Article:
Northern Ireland

Archbishop Eamon Martin in last minute abortion bill plea

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Media captionPoliticians introduced the bill following the death of Savita Halappanavar in Galway, after being refused a termination

Irish politicians who vote knowingly for abortion are acting in "co-operation with evil", a leading member of the Catholic Church in Ireland has said.

They cannot reconcile this with their faith, the Catholic assistant archbishop of Armagh Eamon Martin said.

He was speaking before the last in a series of votes on allowing limited abortion in the Republic of Ireland.

The vote is due to take place in the Dáil, the lower house of the Irish parliament, later on Wednesday.

A range of amendments to the Protection of Life During Pregnancy Bill will be considered in the Dáil ahead of a vote that is due to take place at about 22:00 BST.

More than 160 amendments have been tabled.

Speaking on RTÉ's Morning Ireland, Archbishop Martin, who is Coadjutor Archbishop of Armagh, made what he described as a "last minute appeal" for TDs (members of the Dáil) to reconsider supporting the bill.

"Whatever happens in this vote, the direct and intentional killing of any person is always gravely immoral," he said,

"Knowingly, willingly and intentionally voting to promote abortion, which is the killing of an innocent child, is co-operation with evil and cannot be reconciled with your faith".

Dr Martin said the bill would "fundamentally change the whole culture of medical practice in Ireland".

"This bill will make it permissible, legally, for the killing of an unborn child or the disablement of an unborn child," he said.

Image caption Savita Halappanavar died in October last year

The bill allows for a termination when three doctors unanimously agree that a woman is at risk of taking her life. Anti-abortion activists believe the measure could lead to more widespread abortion.

Others argue the bill is too limited as it does not allow for terminations in cases of rape or incest, or when there is a foetal abnormality.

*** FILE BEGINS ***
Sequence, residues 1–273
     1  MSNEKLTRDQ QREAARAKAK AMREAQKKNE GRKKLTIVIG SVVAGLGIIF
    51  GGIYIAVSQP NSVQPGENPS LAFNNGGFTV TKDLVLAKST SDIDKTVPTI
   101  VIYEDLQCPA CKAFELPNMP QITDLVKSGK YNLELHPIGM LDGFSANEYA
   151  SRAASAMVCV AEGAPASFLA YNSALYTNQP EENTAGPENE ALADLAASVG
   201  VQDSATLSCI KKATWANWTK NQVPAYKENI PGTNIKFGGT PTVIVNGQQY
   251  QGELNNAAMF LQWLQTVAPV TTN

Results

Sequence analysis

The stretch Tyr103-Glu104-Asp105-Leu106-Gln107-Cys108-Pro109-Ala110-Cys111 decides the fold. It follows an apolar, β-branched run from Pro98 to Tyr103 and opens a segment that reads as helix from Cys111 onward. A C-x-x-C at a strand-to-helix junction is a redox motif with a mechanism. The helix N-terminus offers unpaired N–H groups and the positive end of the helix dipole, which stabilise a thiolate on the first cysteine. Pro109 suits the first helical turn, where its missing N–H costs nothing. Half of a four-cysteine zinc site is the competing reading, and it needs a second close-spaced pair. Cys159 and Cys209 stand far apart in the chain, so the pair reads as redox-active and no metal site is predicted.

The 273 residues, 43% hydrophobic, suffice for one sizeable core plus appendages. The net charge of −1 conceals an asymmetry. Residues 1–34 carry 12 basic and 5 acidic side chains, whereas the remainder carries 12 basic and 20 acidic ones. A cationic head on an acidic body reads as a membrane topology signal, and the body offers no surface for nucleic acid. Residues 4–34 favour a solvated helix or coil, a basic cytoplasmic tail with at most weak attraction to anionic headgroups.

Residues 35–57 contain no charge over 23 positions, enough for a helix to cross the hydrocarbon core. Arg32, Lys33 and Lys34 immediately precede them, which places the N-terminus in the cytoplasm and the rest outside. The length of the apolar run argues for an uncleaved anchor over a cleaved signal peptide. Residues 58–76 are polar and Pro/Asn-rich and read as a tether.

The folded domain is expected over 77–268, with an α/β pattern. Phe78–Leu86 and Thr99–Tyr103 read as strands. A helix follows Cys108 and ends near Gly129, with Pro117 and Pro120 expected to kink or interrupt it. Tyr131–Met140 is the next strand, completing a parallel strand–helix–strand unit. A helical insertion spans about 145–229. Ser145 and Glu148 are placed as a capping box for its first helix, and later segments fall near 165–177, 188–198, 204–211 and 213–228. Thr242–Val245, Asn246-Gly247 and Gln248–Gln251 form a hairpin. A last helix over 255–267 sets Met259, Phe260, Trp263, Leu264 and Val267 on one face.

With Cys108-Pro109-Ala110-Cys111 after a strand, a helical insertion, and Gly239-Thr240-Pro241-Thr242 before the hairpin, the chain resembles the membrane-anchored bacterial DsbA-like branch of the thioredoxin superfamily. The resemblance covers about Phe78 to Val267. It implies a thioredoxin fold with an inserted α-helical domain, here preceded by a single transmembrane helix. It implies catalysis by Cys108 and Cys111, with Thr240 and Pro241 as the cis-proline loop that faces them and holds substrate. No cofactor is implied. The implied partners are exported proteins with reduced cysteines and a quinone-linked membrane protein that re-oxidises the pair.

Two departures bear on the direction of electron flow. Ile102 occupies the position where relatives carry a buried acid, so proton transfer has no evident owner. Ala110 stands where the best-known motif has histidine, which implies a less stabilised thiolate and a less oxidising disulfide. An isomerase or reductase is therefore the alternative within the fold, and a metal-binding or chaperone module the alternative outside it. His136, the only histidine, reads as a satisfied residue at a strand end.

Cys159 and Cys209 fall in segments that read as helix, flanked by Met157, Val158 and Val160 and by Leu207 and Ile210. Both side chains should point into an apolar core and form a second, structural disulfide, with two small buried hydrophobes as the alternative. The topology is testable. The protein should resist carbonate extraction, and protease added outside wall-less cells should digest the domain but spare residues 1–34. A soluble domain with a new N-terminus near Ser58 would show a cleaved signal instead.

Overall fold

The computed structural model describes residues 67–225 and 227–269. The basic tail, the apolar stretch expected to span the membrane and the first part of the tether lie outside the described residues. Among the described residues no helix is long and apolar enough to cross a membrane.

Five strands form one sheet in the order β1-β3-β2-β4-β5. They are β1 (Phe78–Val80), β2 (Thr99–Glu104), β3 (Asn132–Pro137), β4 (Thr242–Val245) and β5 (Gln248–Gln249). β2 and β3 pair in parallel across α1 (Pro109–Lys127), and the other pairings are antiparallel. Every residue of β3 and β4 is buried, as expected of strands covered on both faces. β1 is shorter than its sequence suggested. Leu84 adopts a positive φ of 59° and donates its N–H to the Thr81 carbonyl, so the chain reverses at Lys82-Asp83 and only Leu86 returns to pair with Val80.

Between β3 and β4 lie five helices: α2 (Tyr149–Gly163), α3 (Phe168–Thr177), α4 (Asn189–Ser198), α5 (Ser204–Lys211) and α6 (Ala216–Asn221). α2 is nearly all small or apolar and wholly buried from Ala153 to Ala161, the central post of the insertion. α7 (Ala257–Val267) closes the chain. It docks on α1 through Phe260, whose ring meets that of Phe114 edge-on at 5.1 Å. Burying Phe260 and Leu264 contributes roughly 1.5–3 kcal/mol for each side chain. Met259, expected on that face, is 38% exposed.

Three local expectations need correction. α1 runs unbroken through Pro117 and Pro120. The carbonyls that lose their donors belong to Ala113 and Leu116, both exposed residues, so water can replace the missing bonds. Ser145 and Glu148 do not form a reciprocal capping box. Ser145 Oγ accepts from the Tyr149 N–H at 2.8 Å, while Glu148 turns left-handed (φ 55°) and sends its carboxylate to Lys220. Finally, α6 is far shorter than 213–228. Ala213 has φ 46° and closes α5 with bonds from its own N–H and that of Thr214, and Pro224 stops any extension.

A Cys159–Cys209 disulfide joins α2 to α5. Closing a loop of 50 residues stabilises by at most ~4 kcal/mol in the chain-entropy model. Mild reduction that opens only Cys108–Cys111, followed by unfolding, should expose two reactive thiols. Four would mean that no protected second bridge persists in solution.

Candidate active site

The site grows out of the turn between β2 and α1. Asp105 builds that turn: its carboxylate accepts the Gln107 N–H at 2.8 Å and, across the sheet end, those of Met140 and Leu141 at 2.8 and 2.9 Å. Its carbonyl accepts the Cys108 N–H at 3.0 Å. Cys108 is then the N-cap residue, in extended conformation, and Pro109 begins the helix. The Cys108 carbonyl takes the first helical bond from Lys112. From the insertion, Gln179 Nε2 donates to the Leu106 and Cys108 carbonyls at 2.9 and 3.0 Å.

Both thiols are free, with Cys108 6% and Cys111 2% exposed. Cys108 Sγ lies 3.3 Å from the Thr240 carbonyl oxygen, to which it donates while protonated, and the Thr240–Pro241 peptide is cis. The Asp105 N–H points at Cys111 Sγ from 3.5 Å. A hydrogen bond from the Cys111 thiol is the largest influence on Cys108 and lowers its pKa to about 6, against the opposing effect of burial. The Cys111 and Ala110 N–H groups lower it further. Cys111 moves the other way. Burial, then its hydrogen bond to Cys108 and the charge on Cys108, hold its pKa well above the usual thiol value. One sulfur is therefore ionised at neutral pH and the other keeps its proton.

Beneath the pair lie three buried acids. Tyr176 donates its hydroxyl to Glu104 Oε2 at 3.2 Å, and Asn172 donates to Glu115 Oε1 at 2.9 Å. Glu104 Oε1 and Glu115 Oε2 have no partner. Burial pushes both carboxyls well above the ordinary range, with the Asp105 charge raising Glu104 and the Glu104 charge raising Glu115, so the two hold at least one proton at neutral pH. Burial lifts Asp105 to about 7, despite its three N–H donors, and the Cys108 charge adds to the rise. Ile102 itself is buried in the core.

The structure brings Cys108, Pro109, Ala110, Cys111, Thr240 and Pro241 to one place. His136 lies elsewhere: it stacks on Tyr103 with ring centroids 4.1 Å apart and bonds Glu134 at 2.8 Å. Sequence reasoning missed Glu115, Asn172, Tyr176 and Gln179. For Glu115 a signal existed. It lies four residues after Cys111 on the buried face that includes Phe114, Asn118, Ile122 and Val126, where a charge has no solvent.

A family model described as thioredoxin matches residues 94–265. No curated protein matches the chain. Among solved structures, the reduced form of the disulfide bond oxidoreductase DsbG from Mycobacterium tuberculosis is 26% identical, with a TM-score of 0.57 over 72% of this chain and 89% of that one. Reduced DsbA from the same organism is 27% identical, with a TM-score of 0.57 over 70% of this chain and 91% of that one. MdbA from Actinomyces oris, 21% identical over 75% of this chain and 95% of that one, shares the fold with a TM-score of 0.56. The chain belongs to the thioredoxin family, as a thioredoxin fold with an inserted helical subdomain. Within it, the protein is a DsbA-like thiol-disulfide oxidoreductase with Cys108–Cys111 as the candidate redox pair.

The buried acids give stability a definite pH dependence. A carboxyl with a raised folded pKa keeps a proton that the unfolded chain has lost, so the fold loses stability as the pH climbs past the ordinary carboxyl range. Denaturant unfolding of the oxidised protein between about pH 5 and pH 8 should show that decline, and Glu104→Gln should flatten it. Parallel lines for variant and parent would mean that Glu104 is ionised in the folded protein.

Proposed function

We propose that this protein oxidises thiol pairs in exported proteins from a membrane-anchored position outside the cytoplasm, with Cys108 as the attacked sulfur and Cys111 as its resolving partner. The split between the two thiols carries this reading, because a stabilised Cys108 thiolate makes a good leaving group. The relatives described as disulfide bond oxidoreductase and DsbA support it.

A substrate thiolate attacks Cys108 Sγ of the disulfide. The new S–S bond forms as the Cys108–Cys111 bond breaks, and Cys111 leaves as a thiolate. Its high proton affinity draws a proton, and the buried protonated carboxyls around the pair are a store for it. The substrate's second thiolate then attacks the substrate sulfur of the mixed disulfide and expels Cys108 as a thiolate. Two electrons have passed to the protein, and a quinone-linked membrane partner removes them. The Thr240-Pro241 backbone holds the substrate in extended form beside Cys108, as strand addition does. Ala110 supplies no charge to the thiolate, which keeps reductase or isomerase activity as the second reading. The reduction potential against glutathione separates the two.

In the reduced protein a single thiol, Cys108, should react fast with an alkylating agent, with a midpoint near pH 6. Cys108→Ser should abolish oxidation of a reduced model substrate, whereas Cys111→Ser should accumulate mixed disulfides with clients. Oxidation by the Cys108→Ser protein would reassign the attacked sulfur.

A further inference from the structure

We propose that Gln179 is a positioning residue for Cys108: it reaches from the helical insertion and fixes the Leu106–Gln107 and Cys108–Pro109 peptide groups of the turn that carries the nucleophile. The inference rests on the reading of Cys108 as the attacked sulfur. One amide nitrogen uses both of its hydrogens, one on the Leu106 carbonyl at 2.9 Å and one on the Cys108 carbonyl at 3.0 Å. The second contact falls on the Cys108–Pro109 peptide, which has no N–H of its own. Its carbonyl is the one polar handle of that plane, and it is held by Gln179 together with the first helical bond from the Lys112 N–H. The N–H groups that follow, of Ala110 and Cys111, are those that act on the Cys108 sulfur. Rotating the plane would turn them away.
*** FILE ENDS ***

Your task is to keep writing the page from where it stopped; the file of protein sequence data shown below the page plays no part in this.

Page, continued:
Members of parliament (TDs) who support access to abortion say the bill ignores the fact that, on average, 11 women leave the country every day for an abortion in Britain.

Proposals to change the law in Ireland came about following the death of Savita Halappanavar, a 31-year-old Indian dentist who was admitted to hospital in Galway in October 2012 while miscarrying.

She died a week later from septicaemia.

Her request for an abortion had been turned down. Her death drew attention to the lack of clarity about the legal position on termination.

Her inquest heard that she could not get a termination at the time because her life was not in danger but, by the time her life was at risk, an abortion would have been too late to save her.

Her inquest also heard there were systems failures in her health care.

The Fine Gael-Labour coalition government says its proposed legislation will bring the law and constitution into line.

In a vote last week, the government had an overwhelming 138 to 24 vote majority. It is expected to have another very comfortable majority later but it may not be quite as large.

Last week, four Fine Gael TDs defied the party whip and voted against the bill. They were immediately expelled from the parliamentary party.

About 300 people held a vigil outside Leinster House in Dublin overnight to show their opposition to the bill.

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